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Ancient find at pipeline site

Coastal GasLink says it has suspended pipeline work south of Houston, B.C., while claims of the discovery of Indigenous artifacts on the site are investigated.

The company says it has cordoned off the area, requested that a qualified archeologist visit the site and the B.C. Oil and Gas Commission will conduct another site visit to investigate the claims.

It says an archeological impact assessment for the site was approved in 2016, but the company and its archeologists were not able to conduct on-site fieldwork during the regulatory and permitting process due to road access issues.

In a statement, Unist'ot'en clan spokeswoman Freda Huson says their members have been combing the company's construction site for a proposed man camp since heavy machinery turned up the forest floor.

The statement says supporters recovered two stone tools on Wednesday and archeologists from the Smithsonian Institute estimate one dates back up to 3500 years.

It says additional stone tools were observed and recorded but the scale and scope of the work requires assistance from professional archeologists.

In an open letter with Huson, archeologists Chelsey Armstrong of the Smithsonian Institution and Ginevra Toniello of the Tsleil-Waututh First Nation call for a review of the archeological overview assessment and all archeological permits granted to the company in the territory.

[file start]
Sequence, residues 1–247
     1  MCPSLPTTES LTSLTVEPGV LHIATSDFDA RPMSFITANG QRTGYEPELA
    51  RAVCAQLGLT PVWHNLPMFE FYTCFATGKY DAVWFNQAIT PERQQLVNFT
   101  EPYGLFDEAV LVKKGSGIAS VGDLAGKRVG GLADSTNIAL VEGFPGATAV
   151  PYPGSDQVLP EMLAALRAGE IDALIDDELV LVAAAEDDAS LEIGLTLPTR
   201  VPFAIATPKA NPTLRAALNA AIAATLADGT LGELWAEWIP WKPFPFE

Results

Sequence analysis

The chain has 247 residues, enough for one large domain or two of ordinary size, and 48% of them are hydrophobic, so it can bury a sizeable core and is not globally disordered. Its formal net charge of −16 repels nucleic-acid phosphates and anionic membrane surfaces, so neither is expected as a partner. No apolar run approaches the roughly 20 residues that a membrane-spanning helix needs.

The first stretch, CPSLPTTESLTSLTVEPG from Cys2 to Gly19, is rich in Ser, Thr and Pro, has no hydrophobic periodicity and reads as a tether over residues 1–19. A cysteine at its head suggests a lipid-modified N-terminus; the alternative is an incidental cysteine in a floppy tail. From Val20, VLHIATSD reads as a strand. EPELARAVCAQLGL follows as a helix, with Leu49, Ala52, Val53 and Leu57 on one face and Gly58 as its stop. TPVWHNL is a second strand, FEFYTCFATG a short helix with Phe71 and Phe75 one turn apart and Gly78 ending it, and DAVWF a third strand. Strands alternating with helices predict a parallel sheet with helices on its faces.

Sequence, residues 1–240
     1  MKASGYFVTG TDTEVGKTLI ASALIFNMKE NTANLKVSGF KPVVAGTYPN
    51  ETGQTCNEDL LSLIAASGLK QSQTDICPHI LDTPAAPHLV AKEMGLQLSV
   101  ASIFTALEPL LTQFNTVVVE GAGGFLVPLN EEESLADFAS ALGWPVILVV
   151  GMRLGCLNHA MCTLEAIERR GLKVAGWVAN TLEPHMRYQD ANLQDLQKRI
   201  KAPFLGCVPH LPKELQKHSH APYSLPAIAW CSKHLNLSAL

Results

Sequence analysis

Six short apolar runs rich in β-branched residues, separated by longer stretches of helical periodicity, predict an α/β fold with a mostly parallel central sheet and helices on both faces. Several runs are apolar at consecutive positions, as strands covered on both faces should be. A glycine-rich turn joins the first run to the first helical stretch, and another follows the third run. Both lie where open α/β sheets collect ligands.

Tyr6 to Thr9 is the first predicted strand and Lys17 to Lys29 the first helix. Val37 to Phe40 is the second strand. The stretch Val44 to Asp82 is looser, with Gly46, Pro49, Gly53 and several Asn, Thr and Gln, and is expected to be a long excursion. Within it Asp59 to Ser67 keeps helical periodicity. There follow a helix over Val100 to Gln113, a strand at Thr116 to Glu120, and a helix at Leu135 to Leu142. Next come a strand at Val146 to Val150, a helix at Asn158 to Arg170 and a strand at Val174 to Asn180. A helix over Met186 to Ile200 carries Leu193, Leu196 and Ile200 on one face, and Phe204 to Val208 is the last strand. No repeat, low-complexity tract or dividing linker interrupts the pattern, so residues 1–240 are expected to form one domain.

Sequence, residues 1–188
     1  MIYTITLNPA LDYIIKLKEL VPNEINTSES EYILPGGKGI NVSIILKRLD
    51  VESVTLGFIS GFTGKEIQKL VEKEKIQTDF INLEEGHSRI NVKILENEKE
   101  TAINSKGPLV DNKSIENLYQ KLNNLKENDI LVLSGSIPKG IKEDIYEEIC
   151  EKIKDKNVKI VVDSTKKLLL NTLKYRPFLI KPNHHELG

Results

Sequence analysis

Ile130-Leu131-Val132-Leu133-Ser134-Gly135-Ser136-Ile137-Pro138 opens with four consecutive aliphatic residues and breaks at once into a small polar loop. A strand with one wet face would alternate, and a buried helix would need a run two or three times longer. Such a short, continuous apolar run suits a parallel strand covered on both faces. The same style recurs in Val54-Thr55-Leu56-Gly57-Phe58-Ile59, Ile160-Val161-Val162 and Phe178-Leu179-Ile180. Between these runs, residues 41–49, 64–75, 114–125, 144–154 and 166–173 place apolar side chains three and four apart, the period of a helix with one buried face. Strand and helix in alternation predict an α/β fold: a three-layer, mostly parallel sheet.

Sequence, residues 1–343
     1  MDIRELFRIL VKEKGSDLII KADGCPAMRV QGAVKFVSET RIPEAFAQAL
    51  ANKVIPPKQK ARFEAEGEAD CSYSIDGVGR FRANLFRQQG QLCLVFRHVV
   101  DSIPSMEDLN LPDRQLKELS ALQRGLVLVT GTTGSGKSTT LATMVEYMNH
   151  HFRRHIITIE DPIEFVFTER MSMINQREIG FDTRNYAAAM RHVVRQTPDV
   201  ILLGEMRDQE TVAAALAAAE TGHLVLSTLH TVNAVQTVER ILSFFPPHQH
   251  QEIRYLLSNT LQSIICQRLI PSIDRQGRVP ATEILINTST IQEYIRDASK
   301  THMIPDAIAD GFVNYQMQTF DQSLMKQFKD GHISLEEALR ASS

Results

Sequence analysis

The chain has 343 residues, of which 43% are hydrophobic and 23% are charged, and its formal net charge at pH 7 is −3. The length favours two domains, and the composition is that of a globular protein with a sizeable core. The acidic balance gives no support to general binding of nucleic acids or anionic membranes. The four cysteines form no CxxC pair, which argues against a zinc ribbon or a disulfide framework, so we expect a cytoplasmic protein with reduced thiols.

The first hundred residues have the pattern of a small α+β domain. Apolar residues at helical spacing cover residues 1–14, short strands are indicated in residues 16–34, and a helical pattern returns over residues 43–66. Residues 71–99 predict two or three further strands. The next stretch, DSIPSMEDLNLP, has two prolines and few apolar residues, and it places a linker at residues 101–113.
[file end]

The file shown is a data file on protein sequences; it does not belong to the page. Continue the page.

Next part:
The newly found artifacts reveal that archeological heritage is clearly present and that any assessment should be conducted in consultation with the clan, says the letter addressed to the archeology branch of the B.C. Ministry of Forests, Lands and Natural Resource Operations.

The Coastal GasLink pipeline would transport natural gas from northeastern British Columbia to LNG Canada's export terminal in Kitimat on the coast.

In January, the area was the site of a blockade against the pipeline where police moved in and arrested 14 people.

The company says it has approval to build the pipeline from First Nations along the pipeline, but some Wet'suwet'en hereditary chiefs say they haven't given their consent.



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